A group of teenage Sea Scouts from Port Angeles, Washington, is coming to Victoria this weekend to compete in Swiftsure’s Cape Flattery race in what will be a personal test as well as a rigorous contest with other boats.
“The Sea Scouts are going to be in charge of running the vessel in regards to logistics, tactics, sail management and general navigation of the entire race,” said group leader Jared Minard.
Racing will test them mentally and physically, he said.
“They are going to be tired. They are going to have to do about 100 sail changes. They are going to have to perform in the middle of the night. They are going to probably deal with a lot of different personalities in different states of attentiveness, whether they are cold or they’re hot, they’re tired, they’re hungry.
“They are going to have to succeed in getting the boat across the finish line.”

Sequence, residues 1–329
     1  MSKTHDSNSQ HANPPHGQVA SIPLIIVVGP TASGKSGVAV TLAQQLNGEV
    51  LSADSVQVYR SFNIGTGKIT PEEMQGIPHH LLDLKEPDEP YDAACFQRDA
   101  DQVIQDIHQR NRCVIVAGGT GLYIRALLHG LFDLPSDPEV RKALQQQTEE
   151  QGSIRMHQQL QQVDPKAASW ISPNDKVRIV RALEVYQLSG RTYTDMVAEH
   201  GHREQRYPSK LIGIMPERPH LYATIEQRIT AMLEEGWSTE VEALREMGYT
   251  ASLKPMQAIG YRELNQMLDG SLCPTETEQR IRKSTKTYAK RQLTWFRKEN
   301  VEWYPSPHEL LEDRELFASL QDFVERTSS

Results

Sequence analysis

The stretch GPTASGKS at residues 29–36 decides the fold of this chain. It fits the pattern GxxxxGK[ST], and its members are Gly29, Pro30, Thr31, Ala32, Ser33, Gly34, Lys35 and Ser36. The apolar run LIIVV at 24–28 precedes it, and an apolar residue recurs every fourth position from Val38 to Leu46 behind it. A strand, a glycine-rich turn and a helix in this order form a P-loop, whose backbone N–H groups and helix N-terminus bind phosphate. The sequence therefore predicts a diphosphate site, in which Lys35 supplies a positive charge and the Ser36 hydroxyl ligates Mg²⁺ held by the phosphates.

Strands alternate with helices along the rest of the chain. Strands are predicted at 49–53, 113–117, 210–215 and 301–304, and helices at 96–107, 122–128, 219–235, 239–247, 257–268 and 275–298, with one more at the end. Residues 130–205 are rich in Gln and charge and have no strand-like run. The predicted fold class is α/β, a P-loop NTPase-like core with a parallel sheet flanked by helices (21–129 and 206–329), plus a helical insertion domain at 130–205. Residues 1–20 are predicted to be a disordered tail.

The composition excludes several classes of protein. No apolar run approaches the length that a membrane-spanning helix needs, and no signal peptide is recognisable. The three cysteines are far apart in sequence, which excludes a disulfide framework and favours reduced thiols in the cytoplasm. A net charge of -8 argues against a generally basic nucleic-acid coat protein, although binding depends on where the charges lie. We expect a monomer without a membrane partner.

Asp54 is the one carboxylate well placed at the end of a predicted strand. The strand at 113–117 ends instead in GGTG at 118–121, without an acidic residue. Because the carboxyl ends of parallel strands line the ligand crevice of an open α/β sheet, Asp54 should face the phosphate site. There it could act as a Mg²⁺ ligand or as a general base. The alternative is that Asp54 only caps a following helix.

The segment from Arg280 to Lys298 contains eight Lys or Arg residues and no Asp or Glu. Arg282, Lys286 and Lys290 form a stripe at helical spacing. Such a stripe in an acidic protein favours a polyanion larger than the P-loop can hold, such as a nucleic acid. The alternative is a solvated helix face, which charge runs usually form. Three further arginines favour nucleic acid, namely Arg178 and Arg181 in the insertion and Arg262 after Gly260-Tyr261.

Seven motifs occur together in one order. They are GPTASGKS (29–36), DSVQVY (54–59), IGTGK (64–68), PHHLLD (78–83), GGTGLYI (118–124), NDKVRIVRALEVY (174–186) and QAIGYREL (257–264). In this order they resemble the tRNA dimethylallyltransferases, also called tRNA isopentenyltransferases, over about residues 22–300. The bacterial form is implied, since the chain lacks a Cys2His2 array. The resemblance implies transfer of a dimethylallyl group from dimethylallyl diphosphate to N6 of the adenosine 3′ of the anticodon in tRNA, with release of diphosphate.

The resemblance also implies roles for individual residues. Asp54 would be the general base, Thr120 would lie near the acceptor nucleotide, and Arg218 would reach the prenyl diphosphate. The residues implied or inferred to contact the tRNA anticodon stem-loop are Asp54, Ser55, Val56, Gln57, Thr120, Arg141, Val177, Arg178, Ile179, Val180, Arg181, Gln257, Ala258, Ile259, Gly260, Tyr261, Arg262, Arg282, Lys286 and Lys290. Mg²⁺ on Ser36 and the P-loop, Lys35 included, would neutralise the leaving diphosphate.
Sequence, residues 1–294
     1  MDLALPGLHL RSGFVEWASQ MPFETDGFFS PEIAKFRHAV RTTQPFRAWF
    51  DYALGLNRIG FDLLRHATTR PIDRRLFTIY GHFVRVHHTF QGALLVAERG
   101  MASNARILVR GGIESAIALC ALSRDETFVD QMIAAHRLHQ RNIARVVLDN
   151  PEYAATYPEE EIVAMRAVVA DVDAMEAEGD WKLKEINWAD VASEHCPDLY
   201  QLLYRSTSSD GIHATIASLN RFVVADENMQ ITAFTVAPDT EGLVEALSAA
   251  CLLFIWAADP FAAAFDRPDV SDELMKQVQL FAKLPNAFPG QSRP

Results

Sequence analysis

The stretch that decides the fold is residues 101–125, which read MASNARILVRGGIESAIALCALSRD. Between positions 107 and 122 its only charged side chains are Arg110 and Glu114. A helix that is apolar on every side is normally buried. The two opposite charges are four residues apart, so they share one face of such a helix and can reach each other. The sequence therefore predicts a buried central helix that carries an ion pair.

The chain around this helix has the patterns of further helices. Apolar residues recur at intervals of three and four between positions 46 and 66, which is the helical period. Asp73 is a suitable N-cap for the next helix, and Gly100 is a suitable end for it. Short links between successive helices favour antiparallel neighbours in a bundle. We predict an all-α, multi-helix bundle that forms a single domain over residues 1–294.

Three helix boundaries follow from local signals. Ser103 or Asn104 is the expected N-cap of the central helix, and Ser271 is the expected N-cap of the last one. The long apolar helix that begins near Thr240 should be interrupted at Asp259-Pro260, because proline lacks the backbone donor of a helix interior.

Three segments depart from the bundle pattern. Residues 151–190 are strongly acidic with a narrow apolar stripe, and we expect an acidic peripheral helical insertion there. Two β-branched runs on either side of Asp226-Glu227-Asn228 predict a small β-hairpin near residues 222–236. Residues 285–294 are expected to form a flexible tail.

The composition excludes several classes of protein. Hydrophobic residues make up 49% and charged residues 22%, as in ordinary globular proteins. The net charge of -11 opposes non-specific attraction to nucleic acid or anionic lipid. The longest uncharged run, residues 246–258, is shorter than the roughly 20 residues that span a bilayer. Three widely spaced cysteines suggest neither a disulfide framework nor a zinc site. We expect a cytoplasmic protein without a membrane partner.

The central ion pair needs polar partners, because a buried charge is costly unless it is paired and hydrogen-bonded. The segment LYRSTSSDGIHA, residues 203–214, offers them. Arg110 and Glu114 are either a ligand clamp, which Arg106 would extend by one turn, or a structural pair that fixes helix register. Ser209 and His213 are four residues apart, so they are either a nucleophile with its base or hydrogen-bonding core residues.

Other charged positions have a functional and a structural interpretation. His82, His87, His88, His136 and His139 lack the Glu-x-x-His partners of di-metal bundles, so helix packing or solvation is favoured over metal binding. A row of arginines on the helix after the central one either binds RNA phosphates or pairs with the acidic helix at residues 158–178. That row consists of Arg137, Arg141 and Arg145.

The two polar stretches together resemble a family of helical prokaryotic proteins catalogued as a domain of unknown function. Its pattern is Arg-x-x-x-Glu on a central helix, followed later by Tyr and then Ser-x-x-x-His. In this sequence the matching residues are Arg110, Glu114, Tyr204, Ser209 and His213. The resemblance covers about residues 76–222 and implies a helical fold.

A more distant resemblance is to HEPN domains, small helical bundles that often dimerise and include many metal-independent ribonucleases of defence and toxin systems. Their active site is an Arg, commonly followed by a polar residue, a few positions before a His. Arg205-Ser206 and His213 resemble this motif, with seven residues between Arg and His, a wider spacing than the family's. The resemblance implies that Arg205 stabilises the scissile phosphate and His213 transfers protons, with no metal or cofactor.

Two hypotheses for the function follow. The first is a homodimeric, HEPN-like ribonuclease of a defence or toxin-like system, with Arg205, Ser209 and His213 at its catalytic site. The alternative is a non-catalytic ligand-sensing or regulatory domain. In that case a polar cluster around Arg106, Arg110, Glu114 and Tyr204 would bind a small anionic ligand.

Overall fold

Sea Scouts is a boating program that is part of the Boy Scouts of America for young women and men aged 14 to 20.
The team is taking the 36-foot-long sloop Knight N Gale into the race; it’s owned by the Sea Scouts Ship Marvin Shields.
Five teens are taking part in the race and there will be three adults on board, Minard said. Other scouts will sail the sloop to Victoria and return it home after the race. The teens have been training for the competition.
They have all taken part in sailing programs while in high school but the Cape Flattery race is at another level, he said.
“This is probably the largest, most significant race the high school sailors have been in and the biggest keel-boat race they have ever participated in,” he said.
The teens have gone out on night sails lasting several hours, giving them the opportunity to experience being on a watch schedule, navigating in the night with limited visibility, Minard said.
Man-overboard drills under sail are also on their schedule.
Despite the challenges, Minard said the scouts are very excited. “I think about halfway through the race they might even regret their decision to be excited about it. When they finish the race, I really think they are going to be real proud of themselves.”
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